NAAC revises accreditation process
- The National Assessment and Accreditation Council, the autonomous body which accredits higher education institutions (HEIs) in India, has come out with a revised accreditation framework designed to promote transparency in the assessment process.
- The idea is to make the process more rigorous, transparent and efficient
- According to a release, instead of the earlier process which was completely done on-site by a group of assessors, there will now be two stages of assessment, of which 70% will be done off-site at NAAC.
- Institutions keen to be assessed should submit an Institutional Information for Quality Assessment (IIQA) and Self Study Report (SSR) to NAAC.
- The data submitted will then be validated. Punitive measures have been put in place for colleges submitting incorrect data.
- After this assessment, 30% of ranking is based on on-site grading by NAAC officials. This will make the process more objective as it reduces the human element, the official added.
- The initial assessment will be based on various components, such as number of faculty, number of research journals in the library, and number of international publications produced by the institute.
- A national level consultation in this regard was held on April 25 in New Delhi and the draft process tested at select institutes across the country, said NAAC officials.
KDA: Hold competitive exams in regional languages
- The Kannada Development Authority (KDA), which was in the news recently for protesting against “imposition” of Hindi in Namma Metro signage, on 5th August, urged the Centre to conduct competitive examinations in all official languages of States.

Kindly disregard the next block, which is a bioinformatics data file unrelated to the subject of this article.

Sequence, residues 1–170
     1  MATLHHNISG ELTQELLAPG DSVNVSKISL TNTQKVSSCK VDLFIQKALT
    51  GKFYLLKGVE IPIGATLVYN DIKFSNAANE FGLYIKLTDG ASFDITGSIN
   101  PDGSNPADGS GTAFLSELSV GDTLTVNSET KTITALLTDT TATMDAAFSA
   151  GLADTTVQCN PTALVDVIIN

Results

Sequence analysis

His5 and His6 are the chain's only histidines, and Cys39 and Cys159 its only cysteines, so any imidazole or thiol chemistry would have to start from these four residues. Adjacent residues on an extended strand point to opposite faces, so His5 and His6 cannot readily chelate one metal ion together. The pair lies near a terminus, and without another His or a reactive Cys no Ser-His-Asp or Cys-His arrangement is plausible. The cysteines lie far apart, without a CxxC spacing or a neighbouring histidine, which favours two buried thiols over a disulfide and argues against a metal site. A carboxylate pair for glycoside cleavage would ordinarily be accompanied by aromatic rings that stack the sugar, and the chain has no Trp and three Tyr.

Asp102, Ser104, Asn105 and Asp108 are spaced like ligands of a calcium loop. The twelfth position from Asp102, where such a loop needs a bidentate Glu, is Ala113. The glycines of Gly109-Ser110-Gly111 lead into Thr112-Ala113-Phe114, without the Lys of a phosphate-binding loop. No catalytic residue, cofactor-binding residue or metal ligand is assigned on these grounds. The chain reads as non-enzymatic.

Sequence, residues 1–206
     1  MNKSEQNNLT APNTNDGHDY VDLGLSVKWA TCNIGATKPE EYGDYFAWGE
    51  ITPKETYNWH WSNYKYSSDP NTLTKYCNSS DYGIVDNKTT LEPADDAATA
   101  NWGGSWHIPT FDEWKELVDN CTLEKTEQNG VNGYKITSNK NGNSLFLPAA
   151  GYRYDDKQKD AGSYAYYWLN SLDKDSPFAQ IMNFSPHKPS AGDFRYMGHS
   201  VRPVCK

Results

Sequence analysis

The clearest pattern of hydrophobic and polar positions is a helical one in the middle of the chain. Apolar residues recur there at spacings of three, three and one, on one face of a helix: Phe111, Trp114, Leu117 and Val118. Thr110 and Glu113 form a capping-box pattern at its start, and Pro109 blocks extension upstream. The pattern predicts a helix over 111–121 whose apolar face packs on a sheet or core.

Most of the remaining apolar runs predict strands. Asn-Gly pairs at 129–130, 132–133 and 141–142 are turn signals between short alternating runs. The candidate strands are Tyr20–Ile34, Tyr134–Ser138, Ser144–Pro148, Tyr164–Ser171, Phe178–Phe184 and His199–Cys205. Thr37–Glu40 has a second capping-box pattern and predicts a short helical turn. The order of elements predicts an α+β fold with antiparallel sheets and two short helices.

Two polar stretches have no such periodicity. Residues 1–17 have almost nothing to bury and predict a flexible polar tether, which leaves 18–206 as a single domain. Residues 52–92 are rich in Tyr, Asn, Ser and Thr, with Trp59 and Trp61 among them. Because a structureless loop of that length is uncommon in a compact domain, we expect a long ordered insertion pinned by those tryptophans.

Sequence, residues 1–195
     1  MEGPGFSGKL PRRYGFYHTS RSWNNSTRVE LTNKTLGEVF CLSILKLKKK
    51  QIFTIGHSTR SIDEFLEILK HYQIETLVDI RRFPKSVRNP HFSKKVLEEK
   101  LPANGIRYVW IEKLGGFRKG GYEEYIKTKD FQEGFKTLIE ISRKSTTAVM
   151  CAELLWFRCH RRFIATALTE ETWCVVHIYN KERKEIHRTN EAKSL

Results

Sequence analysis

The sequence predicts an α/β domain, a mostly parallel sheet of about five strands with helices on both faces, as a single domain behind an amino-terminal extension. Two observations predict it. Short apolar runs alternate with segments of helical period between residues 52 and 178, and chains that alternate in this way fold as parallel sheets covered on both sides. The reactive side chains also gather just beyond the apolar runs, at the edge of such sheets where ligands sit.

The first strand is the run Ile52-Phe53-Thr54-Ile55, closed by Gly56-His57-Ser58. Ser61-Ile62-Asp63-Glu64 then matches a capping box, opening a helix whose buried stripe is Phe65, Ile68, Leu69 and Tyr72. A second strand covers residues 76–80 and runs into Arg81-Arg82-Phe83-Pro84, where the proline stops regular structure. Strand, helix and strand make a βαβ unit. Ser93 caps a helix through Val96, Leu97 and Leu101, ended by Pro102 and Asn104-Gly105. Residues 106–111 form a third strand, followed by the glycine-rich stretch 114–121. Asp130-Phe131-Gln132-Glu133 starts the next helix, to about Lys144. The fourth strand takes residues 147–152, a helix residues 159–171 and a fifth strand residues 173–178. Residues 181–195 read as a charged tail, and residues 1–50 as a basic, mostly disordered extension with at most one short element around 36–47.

- Taking exception to the absence of question papers in indigenous languages mentioned in the 8th Schedule of the Constitution, KDA Chairman S.G. Siddaramaiah said this has proved detrimental to the interests of people of various States and regions.
- He said that “the very fabric of federalism needs to be better appreciated in this selection as well as in any Central government recruitment process.”
- Prof. Siddaramaiah made a special mention about banking services, as the new rules notified by the Institute of Banking Personnel Selection (IBPS) is detrimental to thousands of youngsters. “Before this sensitive issue assumes vehement proportions, the Centre has to take appropriate measures to roll back the unscientific policy in IBPS,” he said.
Letter to Centre
- In a letter to Union Ministers for Finance and Human Resources Development, Arun Jaitley and Prakash Javadekar, respectively, besides to Union Minister of State Jitendra Singh, he demanded that besides Central civil service examinations, all competitive examinations of national level, especially banking services, must be held in official languages of States.
- Pointing to the performance of Kannadigas in the civil service examinations of the Union Public Service Commission (UPSC), Mr. Siddaramaiah said that KDA honoured 59 Kannadigas for their exemplary performance in the recent examination.
- The statistics of these successful candidates revealed some interesting facts. Of the 59 candidates, 16 are from farming background, and parents of 14 candidates are either engaged in business or working in private establishments.
- As many as 16 candidates had finished their secondary schooling in rural areas.
- In the recruitment to any job of Central, semi-government and public sectors, candidates should be allowed to choose question papers and answer in languages identified in the 8th Schedule of the Constitution, he said.
- He also suggested that the use of English should be restricted to compulsory English paper in order to avoid unwarranted English supremacy.
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